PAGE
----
Distant memories: Why the default mode network is important during states of internal focus

Since the early 2000’s work in cognitive neuroscience has highlighted a constellation of neural regions that are suppressed when engaging in external tasks as the hypothetical neural substrate for the mind-wandering state [1]. This neural system is anchored on the medial wall of the cerebral cortex in both anterior pre-frontal regions, and posterior cingulate cortex, as well as regions of lateral parietal cortex focused on the angular gyrus. This neural system is known as the default mode network and pioneering work by Malia Mason, Kalina Christoff and others demonstrated that this system is active when states of internal focus are high, either because task demands are low, or, in periods when experience-sampling probes indicate that are not especially concerned with the external environment [2-5]. Since then it has become apparent that the default mode network is not unique to the mind-wandering state – it can be active when tasks require participants to self-generate information that are unrelated to the external environment (for a review see [6]). We have recently shown that this does not need to be personally relevant information, the default mode network is active when considering the spatial layout of shapes if these are not visible when the decision must be made [7]. So the default mode network does not seem to be a system that is focused on particular mental content, as was initially believed, but instead may be important for information processing that does not arise from perception.

Although it is now well accepted that the default mode network plays an important role in internal experience, the structural basis that allows this system to support this function has only recently come to light. A paper led by Daniel Margulies at the Max Planck Institute in Leipzig, demonstrated that  the default mode networks role in internal experience may emerge from its’ location in the cortex. This study showed the regions in the default mode network are maximally distant from the systems concerned with perception and action both in in terms of the distance along the cortical surface, but also in terms of how close the neural activity in these regions tracked with signals from neural systems involved in seeing and acting [8]. Critically, this topological location allows the default mode network to support information processing that is unrelated to the external environment because it allows for functional separation between events taking place in the immediate environment and neural events within the heart of the cortical system. In the past I have argued that a process of attentional decoupling is an important enabling factor for states of internal focus [9, 10] and it seems that the topological location of the default mode network is such that it would maximise the possibility for neural activity to be discrepant with events in the external environment. In this way the work by Margulies and colleagues provides a structural account of how the mind has evolved the ability to escape the here and now.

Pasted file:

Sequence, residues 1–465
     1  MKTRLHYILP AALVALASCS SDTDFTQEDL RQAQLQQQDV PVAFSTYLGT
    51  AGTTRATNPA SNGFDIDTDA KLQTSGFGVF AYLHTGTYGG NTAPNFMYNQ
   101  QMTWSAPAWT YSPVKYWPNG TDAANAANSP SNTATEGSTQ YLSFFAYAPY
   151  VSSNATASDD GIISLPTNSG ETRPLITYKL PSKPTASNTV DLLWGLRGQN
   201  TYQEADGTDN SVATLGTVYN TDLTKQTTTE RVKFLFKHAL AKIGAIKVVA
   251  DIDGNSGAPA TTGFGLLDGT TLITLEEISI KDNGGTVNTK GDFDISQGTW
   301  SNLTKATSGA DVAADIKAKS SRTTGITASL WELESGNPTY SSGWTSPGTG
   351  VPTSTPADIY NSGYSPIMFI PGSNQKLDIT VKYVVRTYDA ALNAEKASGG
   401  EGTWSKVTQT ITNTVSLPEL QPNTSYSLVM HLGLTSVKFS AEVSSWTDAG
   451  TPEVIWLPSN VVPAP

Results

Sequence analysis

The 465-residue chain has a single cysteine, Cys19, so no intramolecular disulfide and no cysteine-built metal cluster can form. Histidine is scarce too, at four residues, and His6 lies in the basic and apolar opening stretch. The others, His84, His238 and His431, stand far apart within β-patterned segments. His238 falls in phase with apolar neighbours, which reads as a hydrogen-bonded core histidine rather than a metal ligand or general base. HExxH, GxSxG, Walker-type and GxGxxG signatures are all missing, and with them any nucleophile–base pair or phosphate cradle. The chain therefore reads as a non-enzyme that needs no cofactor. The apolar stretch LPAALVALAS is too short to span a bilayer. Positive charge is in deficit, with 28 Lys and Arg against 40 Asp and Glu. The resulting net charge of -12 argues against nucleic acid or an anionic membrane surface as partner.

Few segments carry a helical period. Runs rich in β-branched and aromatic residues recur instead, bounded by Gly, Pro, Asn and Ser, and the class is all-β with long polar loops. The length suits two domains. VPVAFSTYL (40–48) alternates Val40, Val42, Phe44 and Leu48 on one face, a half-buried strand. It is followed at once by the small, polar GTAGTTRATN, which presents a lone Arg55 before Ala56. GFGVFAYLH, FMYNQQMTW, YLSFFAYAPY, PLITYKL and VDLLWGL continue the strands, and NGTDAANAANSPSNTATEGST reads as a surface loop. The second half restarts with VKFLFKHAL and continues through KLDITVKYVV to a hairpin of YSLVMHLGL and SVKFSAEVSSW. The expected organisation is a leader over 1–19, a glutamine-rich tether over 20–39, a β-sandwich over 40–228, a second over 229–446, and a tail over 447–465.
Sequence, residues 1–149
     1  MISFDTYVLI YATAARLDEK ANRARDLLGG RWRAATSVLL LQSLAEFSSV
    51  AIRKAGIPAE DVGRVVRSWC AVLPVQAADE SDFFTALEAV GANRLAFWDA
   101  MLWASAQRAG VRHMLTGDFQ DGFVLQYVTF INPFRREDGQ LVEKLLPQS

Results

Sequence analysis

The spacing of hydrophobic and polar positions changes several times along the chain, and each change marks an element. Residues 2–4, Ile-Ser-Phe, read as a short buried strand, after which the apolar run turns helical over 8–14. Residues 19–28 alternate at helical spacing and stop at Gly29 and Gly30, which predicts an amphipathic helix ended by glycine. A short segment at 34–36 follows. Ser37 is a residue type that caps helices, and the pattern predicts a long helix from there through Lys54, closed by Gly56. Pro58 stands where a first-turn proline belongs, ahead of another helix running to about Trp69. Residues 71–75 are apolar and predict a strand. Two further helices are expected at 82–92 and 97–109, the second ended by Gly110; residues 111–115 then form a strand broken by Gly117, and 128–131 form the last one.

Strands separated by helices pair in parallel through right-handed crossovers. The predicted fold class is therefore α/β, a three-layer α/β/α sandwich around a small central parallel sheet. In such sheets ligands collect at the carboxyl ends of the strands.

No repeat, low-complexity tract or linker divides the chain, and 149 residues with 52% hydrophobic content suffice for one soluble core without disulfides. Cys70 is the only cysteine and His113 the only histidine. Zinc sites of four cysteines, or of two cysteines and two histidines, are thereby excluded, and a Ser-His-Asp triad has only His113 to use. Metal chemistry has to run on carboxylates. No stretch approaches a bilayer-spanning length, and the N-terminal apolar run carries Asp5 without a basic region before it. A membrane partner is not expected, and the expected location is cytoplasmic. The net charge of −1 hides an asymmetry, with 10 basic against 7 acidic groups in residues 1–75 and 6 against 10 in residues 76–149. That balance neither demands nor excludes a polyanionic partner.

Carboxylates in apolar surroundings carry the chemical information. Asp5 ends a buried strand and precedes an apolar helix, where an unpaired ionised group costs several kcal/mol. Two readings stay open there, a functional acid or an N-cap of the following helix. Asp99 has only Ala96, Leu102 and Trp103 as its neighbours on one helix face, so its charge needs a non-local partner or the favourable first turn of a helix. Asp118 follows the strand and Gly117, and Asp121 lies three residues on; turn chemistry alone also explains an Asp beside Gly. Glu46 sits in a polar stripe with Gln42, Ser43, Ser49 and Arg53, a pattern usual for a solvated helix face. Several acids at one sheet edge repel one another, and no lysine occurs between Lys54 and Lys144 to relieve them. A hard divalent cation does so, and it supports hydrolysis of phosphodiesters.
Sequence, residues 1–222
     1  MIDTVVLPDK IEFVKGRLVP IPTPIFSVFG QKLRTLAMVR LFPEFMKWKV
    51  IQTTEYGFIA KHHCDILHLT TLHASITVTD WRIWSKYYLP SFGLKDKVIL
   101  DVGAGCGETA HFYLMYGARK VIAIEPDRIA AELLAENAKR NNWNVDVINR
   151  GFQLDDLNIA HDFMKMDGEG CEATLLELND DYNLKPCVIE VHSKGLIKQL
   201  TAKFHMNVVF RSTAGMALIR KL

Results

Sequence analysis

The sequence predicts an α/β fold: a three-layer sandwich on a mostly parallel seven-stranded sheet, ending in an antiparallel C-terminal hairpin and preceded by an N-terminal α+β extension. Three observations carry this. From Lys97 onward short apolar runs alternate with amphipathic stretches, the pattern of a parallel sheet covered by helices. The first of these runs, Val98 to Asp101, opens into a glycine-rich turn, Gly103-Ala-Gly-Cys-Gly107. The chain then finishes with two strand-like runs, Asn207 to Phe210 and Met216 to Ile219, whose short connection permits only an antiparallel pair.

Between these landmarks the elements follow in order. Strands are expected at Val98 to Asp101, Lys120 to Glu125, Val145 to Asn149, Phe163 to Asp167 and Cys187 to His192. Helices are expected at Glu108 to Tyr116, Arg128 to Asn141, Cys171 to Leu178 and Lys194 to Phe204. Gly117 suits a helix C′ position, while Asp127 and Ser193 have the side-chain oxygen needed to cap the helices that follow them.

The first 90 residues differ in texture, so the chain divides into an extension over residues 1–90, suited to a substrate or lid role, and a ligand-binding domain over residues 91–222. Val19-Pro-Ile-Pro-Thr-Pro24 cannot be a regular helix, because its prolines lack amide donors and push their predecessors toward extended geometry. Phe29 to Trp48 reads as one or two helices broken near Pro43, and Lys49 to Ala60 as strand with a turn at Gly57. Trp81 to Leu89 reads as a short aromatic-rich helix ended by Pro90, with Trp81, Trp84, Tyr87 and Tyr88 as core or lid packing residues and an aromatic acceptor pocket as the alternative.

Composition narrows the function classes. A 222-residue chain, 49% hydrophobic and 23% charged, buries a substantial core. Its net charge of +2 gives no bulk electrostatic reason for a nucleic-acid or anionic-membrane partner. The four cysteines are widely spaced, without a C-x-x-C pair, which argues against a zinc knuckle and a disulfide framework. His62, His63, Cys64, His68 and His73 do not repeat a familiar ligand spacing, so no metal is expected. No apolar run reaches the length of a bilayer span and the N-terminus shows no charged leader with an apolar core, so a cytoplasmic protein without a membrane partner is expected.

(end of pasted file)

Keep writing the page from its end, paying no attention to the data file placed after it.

1. Raichle, M.E., et al., A default mode of brain function. Proceedings of the National Academy of Sciences of the United States of America, 2001. 98(2): p. 676-82.
  2. Mason, M.F., et al., Wandering minds: the default network and stimulus-independent thought. Science, 2007. 315(5810): p. 393-395.
  3. Christoff, K., et al., Experience sampling during fMRI reveals default network and executive system contributions to mind wandering. Proceedings of the National Academy of Sciences, 2009. 106(21): p. 8719-8724.
  4. Allen, M., et al., The balanced mind: the variability of task-unrelated thoughts predicts error monitoring. Frontiers in human neuroscience, 2013. 7.
  5. Stawarczyk, D., et al., Neural correlates of ongoing conscious experience: both task-unrelatedness and stimulus-independence are related to default network activity. PLoS One, 2011. 6(2): p. e16997-e16997.
  6. Andrews‐Hanna, J.R., J. Smallwood, and R.N. Spreng, The default network and self‐generated thought: component processes, dynamic control, and clinical relevance. Annals of the New York Academy of Sciences, 2014. 1316(1): p. 29-52.
  7. Konishi, M., et al., Shaped by the past: the default mode network supports cognition that is independent of immediate perceptual input. PloS one, 2015. 10(6): p. e0132209.
  8. Margulies, D.S., et al., Situating the default-mode network along a principal gradient of macroscale cortical organization. Proc Natl Acad Sci U S A, 2016. 113(44): p. 12574-12579.
  9. Smallwood, J., Distinguishing how from why the mind wanders: a process-occurence framework for self generated thought. Psychological bulletin, 2013.
  10. Smallwood, J., Searching for the Elements of Thought: Reply to Franklin, Mrazek, Broadway, and Schooler (2013). Psychological bulletin, 2013. 139(3): p. 542-547.


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